Earlier today (as of writing this post), I posted an update on my Facebook profile. I asked my friends to share their ideas of what I could write about on
Sure enough, several people replied and one of my friends asked us to write about countable and uncountable nouns. She mentioned that she’s heard people say and write “foods”, “informations”, “seafoods” and it’s getting her confused.
Continue reading “Is it “food” or “foods”?”
How often do you come across the phrase “double confirm”? After we had our dinner last night, I asked my husband whether he had any ideas of what I could write about for this week’s post.
He answered, “Write about the use of “double confirm” and why it’s wrong.”
“Do a lot of people actually say that? I don’t remember many people using it back in my former job,” I replied.
“Ever since my colleague mentioned it, I’ve been seeing it everywhere,” he said.
Thanks for the suggestion, hubs.
Continue reading ““Double check” or “double confirm”?”
Do you ever get mixed up between the words “deadline” and “dateline”?
Getting them confused with one another is very common. After all, they do sound very similar. However, their meanings couldn’t be any more different.
To find out how “deadline” and “dateline” differ, watch this video we made for you!
After you’ve watched the video, we want to hear from you. The team at My English Matters are planning
to create more videos on the blog over the coming months.
So tell us, what topics do you want us to talk about?
Whether it’s about writing, speaking, presenting, building confidence or anything else you want to learn! We’ll review all your suggestions to plan for our video content.
Leave a comment below or write to us! We look forward to hearing from you!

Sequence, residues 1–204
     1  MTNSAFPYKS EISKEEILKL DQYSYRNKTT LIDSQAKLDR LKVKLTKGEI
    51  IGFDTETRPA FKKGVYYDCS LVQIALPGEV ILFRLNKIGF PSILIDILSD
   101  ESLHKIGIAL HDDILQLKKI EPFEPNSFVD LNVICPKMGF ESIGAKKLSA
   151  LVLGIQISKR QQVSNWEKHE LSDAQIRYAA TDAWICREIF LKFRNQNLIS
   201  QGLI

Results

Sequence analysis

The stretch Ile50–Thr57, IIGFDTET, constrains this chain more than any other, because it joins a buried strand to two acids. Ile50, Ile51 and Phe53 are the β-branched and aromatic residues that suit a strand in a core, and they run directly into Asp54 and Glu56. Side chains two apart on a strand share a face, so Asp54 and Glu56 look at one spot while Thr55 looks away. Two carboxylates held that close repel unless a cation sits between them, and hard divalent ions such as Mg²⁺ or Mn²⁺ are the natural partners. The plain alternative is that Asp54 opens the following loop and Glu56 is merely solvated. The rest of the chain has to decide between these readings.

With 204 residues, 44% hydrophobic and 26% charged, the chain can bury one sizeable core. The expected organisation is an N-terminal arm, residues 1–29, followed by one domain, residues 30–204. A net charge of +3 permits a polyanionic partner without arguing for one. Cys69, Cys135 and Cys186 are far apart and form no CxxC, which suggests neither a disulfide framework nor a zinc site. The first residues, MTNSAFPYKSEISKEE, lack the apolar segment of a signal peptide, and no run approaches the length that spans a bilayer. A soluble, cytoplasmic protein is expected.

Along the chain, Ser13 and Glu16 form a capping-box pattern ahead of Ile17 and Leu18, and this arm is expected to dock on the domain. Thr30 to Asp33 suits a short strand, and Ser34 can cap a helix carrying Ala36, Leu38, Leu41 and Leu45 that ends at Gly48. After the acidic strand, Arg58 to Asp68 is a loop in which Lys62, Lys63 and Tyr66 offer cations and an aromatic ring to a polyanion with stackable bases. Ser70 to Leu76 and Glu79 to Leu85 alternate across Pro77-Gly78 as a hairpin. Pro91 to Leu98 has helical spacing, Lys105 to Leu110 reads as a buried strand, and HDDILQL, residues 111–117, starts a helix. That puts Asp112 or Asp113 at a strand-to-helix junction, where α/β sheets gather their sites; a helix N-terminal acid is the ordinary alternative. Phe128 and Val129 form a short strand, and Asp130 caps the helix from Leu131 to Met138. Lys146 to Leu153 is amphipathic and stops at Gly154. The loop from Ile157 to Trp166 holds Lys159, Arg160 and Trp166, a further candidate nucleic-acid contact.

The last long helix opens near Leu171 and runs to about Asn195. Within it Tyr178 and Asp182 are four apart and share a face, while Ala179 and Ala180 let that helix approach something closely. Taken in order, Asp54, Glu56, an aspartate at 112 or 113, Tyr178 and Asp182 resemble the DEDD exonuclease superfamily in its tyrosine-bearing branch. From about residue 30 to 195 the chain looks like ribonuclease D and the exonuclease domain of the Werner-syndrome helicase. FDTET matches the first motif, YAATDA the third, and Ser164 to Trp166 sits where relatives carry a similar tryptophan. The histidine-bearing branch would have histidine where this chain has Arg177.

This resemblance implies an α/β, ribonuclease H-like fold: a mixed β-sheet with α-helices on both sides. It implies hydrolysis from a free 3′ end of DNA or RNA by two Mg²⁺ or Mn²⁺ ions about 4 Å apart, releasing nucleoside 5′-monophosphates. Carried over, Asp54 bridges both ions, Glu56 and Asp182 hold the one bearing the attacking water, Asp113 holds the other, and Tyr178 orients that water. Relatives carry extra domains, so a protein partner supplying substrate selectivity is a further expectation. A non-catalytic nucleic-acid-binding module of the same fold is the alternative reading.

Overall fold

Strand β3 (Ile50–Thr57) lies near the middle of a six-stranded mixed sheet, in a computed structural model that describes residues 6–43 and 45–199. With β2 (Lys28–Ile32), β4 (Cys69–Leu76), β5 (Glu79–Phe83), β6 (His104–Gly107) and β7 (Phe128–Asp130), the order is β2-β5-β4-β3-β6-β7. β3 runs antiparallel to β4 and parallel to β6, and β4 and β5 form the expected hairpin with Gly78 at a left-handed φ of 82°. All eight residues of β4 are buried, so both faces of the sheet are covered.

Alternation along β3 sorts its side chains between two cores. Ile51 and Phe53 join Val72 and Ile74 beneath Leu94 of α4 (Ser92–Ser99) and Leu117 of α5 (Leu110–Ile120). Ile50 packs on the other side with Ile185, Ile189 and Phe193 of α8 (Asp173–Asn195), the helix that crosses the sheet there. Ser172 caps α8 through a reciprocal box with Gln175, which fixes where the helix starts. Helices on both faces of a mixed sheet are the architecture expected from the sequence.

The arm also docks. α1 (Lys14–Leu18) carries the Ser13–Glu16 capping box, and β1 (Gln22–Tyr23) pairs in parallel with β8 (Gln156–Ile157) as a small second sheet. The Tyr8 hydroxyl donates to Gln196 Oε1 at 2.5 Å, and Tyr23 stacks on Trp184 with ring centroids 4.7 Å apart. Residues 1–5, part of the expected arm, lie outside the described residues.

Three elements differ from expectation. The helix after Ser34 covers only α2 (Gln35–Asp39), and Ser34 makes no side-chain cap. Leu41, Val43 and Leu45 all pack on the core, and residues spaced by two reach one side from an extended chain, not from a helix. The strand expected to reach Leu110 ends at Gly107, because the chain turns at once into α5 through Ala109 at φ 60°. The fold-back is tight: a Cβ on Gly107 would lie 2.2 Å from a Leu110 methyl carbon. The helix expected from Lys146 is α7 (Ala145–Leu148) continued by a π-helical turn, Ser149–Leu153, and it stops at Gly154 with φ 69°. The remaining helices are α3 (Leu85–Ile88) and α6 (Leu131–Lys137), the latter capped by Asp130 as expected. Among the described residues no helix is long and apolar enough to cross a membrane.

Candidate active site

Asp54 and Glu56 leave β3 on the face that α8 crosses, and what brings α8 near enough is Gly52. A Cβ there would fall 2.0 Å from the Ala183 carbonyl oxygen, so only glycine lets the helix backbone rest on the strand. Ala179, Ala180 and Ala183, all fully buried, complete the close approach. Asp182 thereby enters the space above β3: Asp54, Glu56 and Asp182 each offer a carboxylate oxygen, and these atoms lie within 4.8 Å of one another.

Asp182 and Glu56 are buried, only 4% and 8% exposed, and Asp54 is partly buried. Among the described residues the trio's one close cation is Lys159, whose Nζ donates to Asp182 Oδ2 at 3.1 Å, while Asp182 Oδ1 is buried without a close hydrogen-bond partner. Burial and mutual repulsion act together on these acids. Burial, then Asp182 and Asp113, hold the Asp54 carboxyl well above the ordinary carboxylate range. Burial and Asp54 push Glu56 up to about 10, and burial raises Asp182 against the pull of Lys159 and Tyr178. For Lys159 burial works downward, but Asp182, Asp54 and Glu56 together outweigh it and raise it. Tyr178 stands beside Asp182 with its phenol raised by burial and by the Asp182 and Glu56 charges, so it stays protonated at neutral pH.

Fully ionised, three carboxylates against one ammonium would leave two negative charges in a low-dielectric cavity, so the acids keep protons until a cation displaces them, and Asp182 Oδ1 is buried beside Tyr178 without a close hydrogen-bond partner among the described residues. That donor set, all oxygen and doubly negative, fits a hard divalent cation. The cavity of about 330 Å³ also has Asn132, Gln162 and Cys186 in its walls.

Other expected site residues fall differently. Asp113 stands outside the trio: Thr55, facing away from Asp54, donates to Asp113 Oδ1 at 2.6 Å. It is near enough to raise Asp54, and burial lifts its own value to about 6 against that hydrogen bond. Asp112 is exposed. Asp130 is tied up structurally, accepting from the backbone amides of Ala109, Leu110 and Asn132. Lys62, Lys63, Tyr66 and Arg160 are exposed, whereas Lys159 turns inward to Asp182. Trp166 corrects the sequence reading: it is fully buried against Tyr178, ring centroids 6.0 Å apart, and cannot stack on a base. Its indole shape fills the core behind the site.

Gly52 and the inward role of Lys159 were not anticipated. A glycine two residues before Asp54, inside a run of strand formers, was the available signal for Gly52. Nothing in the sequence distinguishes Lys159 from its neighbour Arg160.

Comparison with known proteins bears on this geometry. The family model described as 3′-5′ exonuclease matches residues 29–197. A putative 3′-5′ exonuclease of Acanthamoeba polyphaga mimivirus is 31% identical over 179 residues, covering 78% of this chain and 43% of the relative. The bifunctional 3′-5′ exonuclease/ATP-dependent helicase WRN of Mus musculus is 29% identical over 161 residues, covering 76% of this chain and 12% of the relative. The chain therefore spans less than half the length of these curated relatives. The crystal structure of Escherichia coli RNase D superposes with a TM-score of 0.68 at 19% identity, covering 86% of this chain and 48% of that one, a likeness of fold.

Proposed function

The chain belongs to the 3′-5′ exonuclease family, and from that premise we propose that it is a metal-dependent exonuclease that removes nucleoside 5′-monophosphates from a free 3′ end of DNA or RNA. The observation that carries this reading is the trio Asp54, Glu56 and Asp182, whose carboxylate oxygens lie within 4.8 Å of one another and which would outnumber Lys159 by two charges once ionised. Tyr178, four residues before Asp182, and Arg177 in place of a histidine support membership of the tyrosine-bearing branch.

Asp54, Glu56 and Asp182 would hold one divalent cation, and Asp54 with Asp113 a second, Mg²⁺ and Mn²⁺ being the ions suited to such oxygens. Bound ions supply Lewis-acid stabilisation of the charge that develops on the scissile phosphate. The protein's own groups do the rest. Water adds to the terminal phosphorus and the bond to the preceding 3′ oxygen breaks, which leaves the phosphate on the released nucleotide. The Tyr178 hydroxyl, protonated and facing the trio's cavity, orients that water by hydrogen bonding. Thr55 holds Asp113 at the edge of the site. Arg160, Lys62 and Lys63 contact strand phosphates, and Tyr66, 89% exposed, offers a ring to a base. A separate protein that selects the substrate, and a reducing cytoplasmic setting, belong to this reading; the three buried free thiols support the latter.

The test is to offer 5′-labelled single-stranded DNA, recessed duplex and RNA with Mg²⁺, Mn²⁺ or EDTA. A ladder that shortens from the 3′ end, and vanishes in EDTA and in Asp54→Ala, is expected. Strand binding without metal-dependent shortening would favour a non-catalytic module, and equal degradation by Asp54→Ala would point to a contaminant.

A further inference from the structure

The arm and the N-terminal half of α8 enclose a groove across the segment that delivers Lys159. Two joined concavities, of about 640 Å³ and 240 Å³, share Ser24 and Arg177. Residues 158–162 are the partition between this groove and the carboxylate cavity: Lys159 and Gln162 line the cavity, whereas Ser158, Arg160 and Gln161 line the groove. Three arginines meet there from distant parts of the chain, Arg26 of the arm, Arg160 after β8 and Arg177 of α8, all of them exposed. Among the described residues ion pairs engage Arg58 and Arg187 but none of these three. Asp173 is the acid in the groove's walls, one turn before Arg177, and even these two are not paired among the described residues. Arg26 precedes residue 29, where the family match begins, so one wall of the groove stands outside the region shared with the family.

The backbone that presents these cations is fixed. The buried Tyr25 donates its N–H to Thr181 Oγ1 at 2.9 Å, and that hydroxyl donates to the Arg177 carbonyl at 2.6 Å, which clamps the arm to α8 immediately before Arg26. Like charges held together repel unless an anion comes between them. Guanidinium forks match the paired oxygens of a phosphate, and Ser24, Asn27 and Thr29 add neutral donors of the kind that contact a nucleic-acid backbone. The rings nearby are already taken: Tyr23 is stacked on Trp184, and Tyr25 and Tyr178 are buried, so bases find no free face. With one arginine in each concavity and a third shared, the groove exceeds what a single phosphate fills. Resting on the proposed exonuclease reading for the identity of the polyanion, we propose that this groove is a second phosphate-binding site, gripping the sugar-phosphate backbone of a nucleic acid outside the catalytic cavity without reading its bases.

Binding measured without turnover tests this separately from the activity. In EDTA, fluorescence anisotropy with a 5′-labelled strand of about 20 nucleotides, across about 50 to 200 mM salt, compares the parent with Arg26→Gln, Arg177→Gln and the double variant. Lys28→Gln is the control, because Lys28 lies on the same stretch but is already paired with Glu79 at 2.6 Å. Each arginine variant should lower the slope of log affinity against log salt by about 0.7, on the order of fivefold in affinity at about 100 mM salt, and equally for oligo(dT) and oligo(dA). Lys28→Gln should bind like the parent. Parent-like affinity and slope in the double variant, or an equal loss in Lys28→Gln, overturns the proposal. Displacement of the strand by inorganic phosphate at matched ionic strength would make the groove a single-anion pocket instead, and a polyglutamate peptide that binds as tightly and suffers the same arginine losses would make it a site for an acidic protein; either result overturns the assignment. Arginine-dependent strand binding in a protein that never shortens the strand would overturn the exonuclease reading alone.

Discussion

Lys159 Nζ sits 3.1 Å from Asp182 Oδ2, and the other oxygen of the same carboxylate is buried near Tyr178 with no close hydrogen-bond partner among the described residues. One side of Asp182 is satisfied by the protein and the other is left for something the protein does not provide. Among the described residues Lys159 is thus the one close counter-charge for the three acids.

How many times have you seen people write “congrates!” when they congratulate someone? This is quite a
common mistake among Malaysians, particularly spotted in social media.
Continue reading ““Congrats” vs “Congrates””
Today, I’m going to be explaining the difference between
, at and on when relating to time. These are called prepositions of time. They are used to discuss or converse a specific time period such as a date on the calendar, one of the days of the week, or the actual time a certain thing takes place. in
Continue reading ““At”, “on” and “in” when discussing time”
Today, our post is about the correct and incorrect use of “I’m”. In last week’s post, I wrote about the difference between “I” and “me”. So this week, we’ll discuss how “I’m” is often incorrectly used.
Can we join you? Pretty please?
Continue reading “A common mistake when using “I’m””
Not too long ago, my family and I were at our favourite restaurant to have our usual weekend brunch. The place is usually packed with customers, so sometimes it would take a few minutes or so to find an empty table.
Continue reading “The difference between “lend” and “borrow””
It’s time to put this common mistake to rest.
“You’re” is a shorter version of “you are”, so it would be incorrect to use “you’re” if the sentence doesn’t make sense when you replace it with “you are”.
Continue reading ““Your” vs. “You’re””
Why does English have to be so difficult? Yeah, we wonder the same thing sometimes.
Like the words “there”, “they’re” and “their” sound alike, but are spelt differently and have different meanings.
Continue reading ““There”, “They’re” and “Their””
We often hear people (Malaysians, particularly) use the words “that’s mean” when they actually want to say “that means”.
So what? It’s just a little grammar mistake. Yeah, but if you ever get caught saying that in a country other than Malaysia, you might just offend the person you say it to.
Continue reading ““That’s mean” vs “that means””